Remember, the Federal Government did not create the states. Thirteen several and sovereign states united to craft a Constitution. When they established what ultimately became Washington the Founders maintained the states as the primary instruments of civil justice. Save a few outliers like the post office, Washington’s domestic duties were generally confined to preventing states from levying impediments to commerce or waging war on their neighbors.
State authorities surrendered to the federal apparatus only a few precisely enumerated responsibilities. James Madison, “Father” of the Constitution, explained, “The powers delegated … to the federal government, are few and defined. Those which are to remain in the State governments are numerous and indefinite. The former will be exercised principally on external objects, as war, peace, negotiation, and foreign commerce.”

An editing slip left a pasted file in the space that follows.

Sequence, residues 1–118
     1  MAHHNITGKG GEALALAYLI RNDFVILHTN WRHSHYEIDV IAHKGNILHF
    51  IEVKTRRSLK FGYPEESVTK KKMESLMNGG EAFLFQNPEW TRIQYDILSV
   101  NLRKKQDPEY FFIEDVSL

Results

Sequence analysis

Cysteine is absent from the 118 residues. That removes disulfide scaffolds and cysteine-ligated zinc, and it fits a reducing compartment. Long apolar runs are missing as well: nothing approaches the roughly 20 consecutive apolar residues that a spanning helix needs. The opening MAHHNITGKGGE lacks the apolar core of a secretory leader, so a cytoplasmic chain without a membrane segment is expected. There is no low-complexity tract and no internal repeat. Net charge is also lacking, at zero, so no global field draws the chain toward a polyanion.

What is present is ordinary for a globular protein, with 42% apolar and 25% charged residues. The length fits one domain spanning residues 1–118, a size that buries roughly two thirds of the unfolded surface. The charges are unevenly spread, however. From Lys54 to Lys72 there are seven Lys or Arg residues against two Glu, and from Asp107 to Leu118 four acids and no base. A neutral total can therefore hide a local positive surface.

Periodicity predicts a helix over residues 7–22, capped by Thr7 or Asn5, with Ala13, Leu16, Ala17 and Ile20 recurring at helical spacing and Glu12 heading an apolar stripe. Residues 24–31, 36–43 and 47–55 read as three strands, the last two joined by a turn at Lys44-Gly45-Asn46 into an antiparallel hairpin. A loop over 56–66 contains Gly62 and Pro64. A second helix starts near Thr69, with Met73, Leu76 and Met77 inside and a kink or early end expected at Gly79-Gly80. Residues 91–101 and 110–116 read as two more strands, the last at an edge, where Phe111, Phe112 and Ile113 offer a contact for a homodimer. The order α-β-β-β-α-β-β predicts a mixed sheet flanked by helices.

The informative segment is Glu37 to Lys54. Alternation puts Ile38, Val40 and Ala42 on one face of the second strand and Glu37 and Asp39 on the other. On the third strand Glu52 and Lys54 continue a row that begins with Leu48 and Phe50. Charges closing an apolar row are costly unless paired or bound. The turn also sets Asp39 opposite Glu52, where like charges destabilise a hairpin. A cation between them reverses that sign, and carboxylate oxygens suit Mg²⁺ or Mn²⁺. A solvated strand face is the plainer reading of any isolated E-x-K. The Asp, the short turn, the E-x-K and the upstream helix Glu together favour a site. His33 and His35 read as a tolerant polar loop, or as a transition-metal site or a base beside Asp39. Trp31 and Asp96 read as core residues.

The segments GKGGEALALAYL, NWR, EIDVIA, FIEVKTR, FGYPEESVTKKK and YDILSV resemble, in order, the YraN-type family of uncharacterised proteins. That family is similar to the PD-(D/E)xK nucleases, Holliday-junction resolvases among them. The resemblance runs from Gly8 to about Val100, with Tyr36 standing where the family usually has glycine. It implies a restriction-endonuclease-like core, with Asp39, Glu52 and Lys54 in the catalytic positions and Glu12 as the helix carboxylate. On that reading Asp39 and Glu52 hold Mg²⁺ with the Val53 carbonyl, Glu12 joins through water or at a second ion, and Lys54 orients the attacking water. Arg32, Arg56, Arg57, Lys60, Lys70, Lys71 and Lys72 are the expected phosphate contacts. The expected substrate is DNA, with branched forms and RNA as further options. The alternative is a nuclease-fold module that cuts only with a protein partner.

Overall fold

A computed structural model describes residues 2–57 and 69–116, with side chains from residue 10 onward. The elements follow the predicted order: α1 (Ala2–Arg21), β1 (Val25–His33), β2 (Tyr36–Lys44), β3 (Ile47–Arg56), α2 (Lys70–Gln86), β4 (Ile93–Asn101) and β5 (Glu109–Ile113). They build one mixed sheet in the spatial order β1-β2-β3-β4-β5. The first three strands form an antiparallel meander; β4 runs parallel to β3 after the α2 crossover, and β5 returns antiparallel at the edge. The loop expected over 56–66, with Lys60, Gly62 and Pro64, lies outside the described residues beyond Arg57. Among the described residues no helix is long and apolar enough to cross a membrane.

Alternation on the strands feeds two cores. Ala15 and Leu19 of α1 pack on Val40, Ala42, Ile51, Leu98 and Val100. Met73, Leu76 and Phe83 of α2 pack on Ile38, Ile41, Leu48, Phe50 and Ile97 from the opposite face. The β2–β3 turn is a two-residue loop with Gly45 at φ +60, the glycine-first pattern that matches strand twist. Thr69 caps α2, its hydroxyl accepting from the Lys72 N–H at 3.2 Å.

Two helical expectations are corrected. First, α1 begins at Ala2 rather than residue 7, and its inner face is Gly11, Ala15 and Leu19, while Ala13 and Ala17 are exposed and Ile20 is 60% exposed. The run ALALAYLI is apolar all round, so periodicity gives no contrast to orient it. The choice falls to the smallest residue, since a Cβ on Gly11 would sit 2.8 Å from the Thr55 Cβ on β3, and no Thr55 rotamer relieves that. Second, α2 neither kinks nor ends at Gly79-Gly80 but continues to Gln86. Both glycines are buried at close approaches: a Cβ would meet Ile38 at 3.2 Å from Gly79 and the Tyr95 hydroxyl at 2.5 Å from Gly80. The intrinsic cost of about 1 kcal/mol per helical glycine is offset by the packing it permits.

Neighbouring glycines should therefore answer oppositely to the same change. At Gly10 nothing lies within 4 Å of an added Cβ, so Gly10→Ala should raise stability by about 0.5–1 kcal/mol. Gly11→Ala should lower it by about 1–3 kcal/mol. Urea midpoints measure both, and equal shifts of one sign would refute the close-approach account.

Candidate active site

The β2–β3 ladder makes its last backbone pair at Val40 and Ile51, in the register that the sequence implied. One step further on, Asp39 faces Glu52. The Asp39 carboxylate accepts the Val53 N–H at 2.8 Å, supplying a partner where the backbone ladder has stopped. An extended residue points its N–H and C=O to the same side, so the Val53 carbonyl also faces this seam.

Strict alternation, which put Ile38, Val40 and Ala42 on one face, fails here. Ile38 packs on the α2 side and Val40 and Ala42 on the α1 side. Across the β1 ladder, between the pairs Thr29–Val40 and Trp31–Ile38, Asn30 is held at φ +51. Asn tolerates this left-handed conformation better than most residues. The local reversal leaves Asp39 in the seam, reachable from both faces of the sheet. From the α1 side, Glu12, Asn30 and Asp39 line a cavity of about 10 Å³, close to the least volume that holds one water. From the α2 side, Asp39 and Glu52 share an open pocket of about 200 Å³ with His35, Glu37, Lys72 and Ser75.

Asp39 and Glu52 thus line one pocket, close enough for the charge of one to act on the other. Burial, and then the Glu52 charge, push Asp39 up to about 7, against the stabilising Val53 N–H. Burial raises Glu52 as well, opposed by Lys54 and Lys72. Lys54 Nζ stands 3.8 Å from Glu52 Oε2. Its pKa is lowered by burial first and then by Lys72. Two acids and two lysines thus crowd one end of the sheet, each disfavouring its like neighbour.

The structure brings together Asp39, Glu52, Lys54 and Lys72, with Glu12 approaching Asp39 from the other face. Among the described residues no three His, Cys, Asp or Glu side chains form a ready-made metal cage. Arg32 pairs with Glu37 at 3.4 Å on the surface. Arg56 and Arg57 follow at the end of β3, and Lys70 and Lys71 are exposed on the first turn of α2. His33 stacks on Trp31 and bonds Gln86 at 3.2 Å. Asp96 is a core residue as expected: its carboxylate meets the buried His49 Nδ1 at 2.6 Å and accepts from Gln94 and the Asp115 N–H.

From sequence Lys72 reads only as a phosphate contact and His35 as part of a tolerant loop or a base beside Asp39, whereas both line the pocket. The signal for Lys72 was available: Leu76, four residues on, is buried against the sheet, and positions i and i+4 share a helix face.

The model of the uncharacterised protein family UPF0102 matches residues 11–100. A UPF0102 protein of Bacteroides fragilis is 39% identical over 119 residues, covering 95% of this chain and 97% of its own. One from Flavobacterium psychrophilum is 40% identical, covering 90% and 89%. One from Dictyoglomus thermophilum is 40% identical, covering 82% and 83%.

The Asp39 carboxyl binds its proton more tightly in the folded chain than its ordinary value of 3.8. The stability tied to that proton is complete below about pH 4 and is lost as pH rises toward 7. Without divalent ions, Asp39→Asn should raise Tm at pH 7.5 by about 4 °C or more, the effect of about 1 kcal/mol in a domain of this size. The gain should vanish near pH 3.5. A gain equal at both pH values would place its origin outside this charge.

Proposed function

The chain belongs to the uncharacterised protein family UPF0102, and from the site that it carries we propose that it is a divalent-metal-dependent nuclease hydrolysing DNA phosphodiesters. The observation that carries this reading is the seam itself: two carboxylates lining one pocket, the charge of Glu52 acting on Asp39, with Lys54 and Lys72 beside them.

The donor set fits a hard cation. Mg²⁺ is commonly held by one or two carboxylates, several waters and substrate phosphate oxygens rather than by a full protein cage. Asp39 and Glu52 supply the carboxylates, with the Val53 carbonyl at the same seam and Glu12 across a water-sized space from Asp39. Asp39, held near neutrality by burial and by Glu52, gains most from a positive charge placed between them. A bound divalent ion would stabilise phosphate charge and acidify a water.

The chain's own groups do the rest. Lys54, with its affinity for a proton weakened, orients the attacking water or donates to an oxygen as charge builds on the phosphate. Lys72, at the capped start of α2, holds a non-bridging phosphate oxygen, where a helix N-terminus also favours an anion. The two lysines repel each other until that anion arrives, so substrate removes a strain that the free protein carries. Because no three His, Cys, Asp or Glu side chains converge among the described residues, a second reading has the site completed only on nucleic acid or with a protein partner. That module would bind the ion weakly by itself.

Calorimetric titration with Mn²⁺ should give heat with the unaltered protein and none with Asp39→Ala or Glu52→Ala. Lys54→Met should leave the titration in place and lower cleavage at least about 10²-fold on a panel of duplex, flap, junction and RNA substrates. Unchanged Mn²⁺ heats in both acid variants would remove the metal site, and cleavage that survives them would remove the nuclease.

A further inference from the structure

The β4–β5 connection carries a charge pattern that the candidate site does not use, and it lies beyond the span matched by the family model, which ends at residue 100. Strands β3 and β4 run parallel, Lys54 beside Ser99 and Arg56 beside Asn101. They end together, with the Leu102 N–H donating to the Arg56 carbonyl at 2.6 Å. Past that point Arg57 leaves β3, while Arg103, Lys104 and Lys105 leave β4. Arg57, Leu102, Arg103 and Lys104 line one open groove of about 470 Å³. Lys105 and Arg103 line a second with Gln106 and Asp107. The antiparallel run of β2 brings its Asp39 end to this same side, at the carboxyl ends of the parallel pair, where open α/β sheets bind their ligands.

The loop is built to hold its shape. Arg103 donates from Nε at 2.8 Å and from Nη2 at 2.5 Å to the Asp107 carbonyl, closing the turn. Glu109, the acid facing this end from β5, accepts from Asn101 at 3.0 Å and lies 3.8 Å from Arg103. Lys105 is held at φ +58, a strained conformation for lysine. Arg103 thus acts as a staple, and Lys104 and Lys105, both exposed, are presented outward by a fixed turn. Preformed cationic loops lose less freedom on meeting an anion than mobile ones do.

Authority was left diffused because Americans have historically been suspicious of concentrated power whether political, financial or religious. Take the First Amendment. Historian David Hackett Fischer wrote it entailed a “Regional compromise of high complexity… to preserve religious freedom of Virginia and Pennsylvania, and at the same time to protect the religious establishments of New England from outside interference.”